Anime Club Isn't Necessarily So Bad, You Know | アニメ!アニメ!

Anime Club Isn't Necessarily So Bad, You Know

If you went ahead and read KC Green's “The Anime Club”, you might have gotten the idea that every gathering of anime geeks in America

English news
"Letters from the New York Otaku"

By David Cabrera


#54 - Anime Club Isn't Necessarily So Bad, You Know

If you went ahead and read KC Green's “The Anime Club”, you might have gotten the idea that every gathering of anime geeks in America is some kind of terrible horror scenario from which none escape sane. I won't refute that.

The most “real” scene in the Anime Club comic, I believe, is the one where the president of the high school anime club won't stop laughing-- even though there is nothing to laugh about-- as she describes the plot of the latest Naruto movie. She eventually just breaks out into screaming. On the next page we see a whole group of fans laughing at nothing, looking like they're about to melt into a single, formless, howling monster.

I have definitely seen a group of otaku look like that. Perhaps you have as well.

However, that's not actually my own anime club experience. My experience was actually very pleasant. The people were welcoming, easy to talk to, and quite sane. I thought I would talk about that as a counterpoint to the comic.

The Polytechnic Anime Society (PAS) met on the second floor at the student union when I first got there, but due to complaints over noise from Dance Dance Revolution play in the office (like Pocky and Ramune, American anime fans are forever connected with DDR for reasons unknown) we were shooed into a basement, where we would remain forever.

The office, strewn with posters, wallscrolls and figures-- I believe even our clock was a Digi Charat model-- was home base. After class, we got together to trade the material, talk about what we'd watched that week, and otherwise just relax. We weren't the kind of club to stage very many viewings, major events or activities. Our first priority was just hanging out-- and our second priority was a decent Internet connection for videogames. Eventually, though, a small convention grew out of the club which continues to operate today. (http://springfestny.com/)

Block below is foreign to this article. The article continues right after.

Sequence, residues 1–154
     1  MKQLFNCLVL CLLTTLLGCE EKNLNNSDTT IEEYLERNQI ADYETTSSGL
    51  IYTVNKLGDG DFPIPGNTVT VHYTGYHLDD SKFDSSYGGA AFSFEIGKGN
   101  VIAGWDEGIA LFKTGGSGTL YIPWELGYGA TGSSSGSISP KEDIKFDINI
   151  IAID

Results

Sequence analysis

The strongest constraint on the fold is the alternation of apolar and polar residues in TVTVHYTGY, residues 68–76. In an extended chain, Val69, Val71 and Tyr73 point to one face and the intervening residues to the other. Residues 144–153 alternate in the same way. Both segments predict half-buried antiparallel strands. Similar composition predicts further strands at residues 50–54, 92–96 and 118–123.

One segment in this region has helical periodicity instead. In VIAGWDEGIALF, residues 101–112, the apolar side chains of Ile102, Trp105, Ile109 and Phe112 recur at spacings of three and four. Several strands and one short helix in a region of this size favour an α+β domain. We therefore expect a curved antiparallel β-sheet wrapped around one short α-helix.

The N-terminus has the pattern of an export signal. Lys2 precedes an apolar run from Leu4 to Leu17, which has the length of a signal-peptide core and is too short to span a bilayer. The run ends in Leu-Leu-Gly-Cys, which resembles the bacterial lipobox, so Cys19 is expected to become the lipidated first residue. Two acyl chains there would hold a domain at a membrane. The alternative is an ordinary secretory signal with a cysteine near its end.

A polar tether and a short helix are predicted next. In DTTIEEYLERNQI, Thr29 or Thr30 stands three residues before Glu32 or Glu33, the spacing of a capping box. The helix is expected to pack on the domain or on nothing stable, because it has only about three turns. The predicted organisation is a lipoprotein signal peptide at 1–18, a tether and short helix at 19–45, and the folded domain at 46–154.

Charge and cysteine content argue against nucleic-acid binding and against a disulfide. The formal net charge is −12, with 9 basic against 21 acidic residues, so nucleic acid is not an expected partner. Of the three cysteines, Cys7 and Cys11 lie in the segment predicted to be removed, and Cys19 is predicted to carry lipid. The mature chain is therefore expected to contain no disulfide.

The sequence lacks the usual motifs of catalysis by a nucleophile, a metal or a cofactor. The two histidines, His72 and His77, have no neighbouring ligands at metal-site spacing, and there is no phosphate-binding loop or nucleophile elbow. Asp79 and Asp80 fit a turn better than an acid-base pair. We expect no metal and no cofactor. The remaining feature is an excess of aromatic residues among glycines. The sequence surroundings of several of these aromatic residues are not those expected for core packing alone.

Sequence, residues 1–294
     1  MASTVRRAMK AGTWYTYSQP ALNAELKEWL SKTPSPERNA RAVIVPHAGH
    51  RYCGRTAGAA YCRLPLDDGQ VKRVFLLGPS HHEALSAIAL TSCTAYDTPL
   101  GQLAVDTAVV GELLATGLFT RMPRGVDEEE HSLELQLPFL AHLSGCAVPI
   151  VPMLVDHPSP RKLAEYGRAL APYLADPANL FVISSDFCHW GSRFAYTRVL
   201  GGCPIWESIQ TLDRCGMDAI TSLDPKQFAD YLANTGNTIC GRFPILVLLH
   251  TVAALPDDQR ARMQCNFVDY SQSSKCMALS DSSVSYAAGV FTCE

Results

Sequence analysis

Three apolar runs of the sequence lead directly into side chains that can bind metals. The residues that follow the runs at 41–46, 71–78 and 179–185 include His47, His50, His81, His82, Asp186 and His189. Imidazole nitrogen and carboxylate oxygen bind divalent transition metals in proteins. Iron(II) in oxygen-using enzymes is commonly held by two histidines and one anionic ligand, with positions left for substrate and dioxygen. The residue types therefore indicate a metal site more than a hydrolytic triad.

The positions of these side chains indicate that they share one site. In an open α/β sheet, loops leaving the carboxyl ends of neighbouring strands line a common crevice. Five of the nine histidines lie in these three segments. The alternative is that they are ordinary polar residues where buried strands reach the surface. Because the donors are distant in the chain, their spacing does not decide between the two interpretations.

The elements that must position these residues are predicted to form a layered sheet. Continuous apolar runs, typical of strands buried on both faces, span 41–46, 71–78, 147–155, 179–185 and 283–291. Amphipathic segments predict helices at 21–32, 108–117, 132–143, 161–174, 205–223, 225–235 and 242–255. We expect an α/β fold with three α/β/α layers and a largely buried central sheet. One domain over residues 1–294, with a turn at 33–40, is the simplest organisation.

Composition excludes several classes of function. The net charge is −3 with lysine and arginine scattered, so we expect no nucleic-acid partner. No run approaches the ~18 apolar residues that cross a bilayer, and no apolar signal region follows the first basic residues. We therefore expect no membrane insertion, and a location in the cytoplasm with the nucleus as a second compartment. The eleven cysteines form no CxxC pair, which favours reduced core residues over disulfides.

This was a new experience for me. I didn't have any friends who were big into anime before. In junior high, the other anime club kids were much older than we were. I transferred to another high school with a serious “jocks vs. nerds” mentality, and I hid my Slayers tapes. But this was very different. I'd found a good place with good people who happened to be huge anime nerds. People tell me otaku are antisocial and awful and all that... but I've made a lot of great friends through otaku stuff.

A lot of those guys became friends who I still hang out with today, long after the anime club. One of them just had a housewarming party for his beautiful new apartment in Queens. Once we'd caught up on our lives, it was back to talking about basically the same things we talked about years before.

“You up to date on that show?”
“See the new figure coming out?”

Except now there was whiskey. Getting older isn't bad at all.

Because it wasn't all roses at the anime club, here is a bonus story. One time, a girl I'd been getting along very well with walked into the office for some homework help from one of the other guys. As she walked in, her eyes darted to me, surprised. “Dave?”

When she saw that I was watching Azumanga Daioh on my laptop, her face went from surprise to clear contempt. What was I doing watching these cartoon schoolgirls? What did I have to say for myself?

“It's funny!”

She never smiled at me again.
《animeanime》
【注目の記事】[PR]

関連ニュース

  • 'Fairy Tail' takes top award at Paris grand prix 画像 'Fairy Tail' takes top award at Paris grand prix

特集